If you’re suffering from a post-holiday spending hangover, take comfort in the fact that you’re not alone. The emotions of the season, the aggressive sales techniques, all coupled with the overall excitement of the holidays can make it feel like we must make a choice between having fun and staying on budget.
Let yourself off the hook
Your shopping habits aren’t entirely your fault. I know, I know, hear me out! In our culture, holidays and celebrations are typically connected with some type of shopping. We’ve made it normal to associate getting good grades, a promotion at work, or life events such as a breakup with the need to buy things. Combine the cultural pull of shopping, along with the ‘perfect lives’ we see while scrolling through social media; it’s a recipe for disaster and overspending. Stop beating yourself up, it’s very common, but it can get better when you decide to take the initiative. Every day we wake up, we have the choice to change our money habits.
Pump the brakes
Falling into a pattern of overspending when you’ve already blown through your budget happens to the best of us (“what’s one more thing, I’ve already spent hundreds of dollars today?”). So, the smartest course of action is to stop all unnecessary spending while you get a handle on what you owe – don’t dig yourself in deeper.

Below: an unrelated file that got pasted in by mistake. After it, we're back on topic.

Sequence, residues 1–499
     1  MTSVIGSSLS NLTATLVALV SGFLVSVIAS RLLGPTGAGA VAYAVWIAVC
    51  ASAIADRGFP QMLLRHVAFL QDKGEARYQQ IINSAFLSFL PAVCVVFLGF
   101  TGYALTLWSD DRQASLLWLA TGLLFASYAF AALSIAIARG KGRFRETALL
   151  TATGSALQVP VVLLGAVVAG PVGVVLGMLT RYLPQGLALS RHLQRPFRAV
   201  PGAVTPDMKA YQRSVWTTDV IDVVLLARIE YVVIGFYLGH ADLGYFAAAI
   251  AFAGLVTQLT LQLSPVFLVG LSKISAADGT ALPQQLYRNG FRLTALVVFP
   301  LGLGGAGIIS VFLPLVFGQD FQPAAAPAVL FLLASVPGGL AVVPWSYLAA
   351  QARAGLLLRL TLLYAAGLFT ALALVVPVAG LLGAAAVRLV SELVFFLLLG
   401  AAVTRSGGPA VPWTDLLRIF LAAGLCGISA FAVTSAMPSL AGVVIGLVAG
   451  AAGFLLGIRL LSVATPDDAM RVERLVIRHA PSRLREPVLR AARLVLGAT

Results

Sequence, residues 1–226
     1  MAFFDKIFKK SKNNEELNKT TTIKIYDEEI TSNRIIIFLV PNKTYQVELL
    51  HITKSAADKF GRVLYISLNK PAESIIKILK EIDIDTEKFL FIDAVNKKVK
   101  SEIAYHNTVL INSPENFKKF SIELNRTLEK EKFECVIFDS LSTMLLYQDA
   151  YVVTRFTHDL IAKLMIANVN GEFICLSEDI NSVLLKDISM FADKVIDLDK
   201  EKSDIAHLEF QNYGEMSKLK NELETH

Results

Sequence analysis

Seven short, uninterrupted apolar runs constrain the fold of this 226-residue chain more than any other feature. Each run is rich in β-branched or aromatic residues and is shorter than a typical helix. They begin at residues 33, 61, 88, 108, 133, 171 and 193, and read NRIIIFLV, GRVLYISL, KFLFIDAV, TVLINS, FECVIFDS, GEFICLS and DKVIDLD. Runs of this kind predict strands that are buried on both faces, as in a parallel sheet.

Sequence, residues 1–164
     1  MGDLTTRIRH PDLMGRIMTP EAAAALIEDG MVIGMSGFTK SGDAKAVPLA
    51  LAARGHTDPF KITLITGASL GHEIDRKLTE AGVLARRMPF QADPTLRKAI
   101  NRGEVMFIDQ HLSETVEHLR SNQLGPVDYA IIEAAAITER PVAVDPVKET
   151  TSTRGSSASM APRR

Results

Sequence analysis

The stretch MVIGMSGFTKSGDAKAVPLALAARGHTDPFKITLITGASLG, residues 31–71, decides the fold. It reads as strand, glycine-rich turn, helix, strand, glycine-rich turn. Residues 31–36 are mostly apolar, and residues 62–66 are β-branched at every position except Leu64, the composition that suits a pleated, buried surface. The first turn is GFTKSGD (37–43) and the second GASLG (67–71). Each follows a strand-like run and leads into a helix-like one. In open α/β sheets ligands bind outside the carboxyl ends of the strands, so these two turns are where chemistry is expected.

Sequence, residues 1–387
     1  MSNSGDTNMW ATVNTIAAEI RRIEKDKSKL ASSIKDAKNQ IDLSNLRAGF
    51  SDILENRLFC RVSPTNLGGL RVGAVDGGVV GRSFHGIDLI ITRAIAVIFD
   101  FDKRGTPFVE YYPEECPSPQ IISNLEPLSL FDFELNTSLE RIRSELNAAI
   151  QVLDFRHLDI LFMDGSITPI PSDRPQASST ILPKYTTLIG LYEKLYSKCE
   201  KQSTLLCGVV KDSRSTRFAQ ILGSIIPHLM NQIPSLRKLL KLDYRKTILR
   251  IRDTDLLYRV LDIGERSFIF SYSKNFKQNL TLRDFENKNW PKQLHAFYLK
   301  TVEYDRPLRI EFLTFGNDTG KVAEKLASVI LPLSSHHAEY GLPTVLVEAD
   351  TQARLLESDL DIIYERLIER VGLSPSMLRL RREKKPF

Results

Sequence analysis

Post-Christmas spending checklist
- Stop all non-essential spending (be ruthless with yourself about essential vs. non-essential).
- Create a practical budget that you can actually stick to (it doesn’t have to suck).
- Think about your financial priorities and values (ie. living debt-free, saving 30% of your income, retiring at age 55) because those goals are what you’ll work backward from.
- Create a list of spending habits and pay attention to your consumption patterns.
- Question all future purchases (yes, really.).
- Schedule weekly and monthly money check-ins with yourself to make sure that you’re staying fiscally healthy, responsible and on track.
Figuring out your money values will be like your North Star; your guiding light to financial freedom and responsibility. Keeping your long-term goals and dreams at the front of your mind makes it easier to say no to activities and purchases that may not fit into your budget. Check back next week for more practical tips on financial literacy!
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